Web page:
Leading Article: Hope over experience

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The Independent Online
NEXT TUESDAY's American presidential election matters more than how the House of Commons votes on Maastricht. The United States, caught though it is in a phase of introverted pessimism, is still the world's most powerful democracy. Its president can make more difference to the lives of more people than anyone else. Its leadership, resources and political commitment are required for dealing with most of the world's larger problems. Its election is our affair, too.

This is not to say that the choice on Tuesday is a stark one. George Bush has been a tolerable President, better abroad than at home. He responded sensibly to the collapse of Communism and firmly to the invasion of Kuwait. His Secretary of State, James Baker, made exceptional progress towards a Middle East settlement. At home, Mr Bush has coped adequately, though unimaginatively, with a recession that was not his fault.

He has, however, been a largely passive President, reacting to events rather than shaping them. He has relinquished European affairs, east and west, to a European Community that is still a long way from being able to fill the gap. His refusal to become engaged in Yugoslavia has been disastrous, and his neglect of the former Soviet Union short- sighted. He has lacked the vision to exploit the extraordinary opportunities opened up by the collapse of Communism. His international influence has also been weakened by his failures at home, where he has shown himself out of touch with reality. By allowing the Republican Party to be captured by the extreme right, he has cut himself off from large sections of American society. His campaign has been shoddy, superficial and evasive. His bursts of energy have been devoted to saving himself, not his country.

Most of the credit in the campaign should go to the voters. They refused to become interested in the sleazier aspects of character assassination and have stuck stubbornly to the issues that concern them, primarily jobs, health and the budget deficit. Bill Clinton's success up to this point is due largely to his respect for their concerns. He recognises that his country has reached one of those moments in its history when it is looking for real change, not only in policies and personalities but in philosophy of government. Swinging away from its traditional aversion to central authority, it is demanding more active intervention to cope with the decay of infrastructure, the crisis in education, the impossible costs of health care and rising fears of diminished competitiveness.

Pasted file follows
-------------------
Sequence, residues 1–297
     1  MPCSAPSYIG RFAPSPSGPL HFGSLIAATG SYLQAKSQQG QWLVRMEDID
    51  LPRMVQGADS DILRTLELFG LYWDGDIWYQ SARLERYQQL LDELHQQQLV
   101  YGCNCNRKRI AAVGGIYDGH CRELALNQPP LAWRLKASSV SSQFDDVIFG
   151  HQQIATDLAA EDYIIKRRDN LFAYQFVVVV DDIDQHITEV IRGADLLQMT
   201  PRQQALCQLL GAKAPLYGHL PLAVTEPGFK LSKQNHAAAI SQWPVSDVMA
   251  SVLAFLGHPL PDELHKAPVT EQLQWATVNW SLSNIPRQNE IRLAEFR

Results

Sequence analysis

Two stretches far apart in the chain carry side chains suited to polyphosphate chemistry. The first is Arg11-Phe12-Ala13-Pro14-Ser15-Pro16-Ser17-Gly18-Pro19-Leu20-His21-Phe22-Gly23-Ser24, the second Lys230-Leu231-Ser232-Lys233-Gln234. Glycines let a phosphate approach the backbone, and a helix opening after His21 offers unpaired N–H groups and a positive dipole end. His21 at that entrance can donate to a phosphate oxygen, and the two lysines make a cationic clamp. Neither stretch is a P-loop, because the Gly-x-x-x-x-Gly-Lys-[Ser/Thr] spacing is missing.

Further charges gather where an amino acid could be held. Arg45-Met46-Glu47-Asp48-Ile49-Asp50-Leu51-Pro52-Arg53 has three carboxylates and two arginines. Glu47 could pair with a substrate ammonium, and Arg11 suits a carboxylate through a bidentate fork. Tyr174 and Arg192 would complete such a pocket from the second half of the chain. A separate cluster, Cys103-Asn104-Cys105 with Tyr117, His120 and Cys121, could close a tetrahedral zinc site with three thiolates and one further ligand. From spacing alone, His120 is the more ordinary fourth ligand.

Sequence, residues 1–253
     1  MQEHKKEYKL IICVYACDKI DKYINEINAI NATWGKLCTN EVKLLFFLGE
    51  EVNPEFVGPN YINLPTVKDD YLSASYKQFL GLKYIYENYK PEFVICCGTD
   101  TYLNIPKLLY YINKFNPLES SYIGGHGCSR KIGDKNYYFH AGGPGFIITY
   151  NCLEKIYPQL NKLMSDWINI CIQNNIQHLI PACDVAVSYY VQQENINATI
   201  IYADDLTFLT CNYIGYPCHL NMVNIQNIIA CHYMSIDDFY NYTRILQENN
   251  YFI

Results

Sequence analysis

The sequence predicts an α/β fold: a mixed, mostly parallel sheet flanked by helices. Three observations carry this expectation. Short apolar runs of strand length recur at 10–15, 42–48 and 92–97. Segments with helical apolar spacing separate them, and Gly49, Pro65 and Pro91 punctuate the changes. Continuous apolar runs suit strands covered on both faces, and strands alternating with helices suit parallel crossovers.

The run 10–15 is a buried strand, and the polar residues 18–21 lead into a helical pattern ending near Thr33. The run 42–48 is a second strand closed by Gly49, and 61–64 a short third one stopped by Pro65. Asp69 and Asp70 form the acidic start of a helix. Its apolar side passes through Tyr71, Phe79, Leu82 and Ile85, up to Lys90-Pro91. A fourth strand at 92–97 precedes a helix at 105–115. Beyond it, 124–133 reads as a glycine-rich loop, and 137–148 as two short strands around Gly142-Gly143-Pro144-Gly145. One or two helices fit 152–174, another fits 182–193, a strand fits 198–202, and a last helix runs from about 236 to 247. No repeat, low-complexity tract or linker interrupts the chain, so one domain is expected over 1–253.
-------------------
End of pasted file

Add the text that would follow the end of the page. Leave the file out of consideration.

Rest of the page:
Whether it is willing to pay for the remedies is another matter. Neither of the main candidates has been frank on the subject. Ross Perot came nearest, but his character let him down. Mr Clinton shows every sign of recognising the problems but has not dared risk his campaign by confronting the costs. His ability to find answers is, therefore, still in doubt. As Governor of Arkansas, he started with radical ideas but, after an electoral defeat, returned much chastened to cultivate the business community and the legislators with excessive deference. If he treats Congress too gently, his policies will be destroyed by the massed forces of liberal spending lobbies. The current unpopularity of Congress gives him a rare chance to assert the national interest if his mandate is large enough, but he will need to move fast to reduce the federal debt of about dollars 4,000bn, which is eating up tax revenues.

The issue of character is therefore a genuine one, although cheapened by Mr Bush. Is Mr Clinton too much of a conciliator and compromiser? Will he hesitate too long? His ability to survive the appalling pressures and personal attacks of the campaign speaks well for him, and he has shown much better judgement than Mr Bush in his choice of running mate. But doubts will persist until he proves himself. Only if he does so at home will he be able to resist the protectionist and isolationist pressures that could destroy his authority abroad.

This newspaper, true to its name, does not take sides in British elections. It observes no such constraints where foreign elections are concerned. The choice before the American voters concerns everyone. While Britain gets on well enough with President Bush, relations with a Clinton administration would probably be as good or better, given leaders of the same generation and with similar outlooks. If Mr Clinton were to establish his authority at home quickly, he could become an enlightened, modern and effective President abroad. Without great conviction, therefore, but with unquenchable optimism, we endorse Mr Clinton.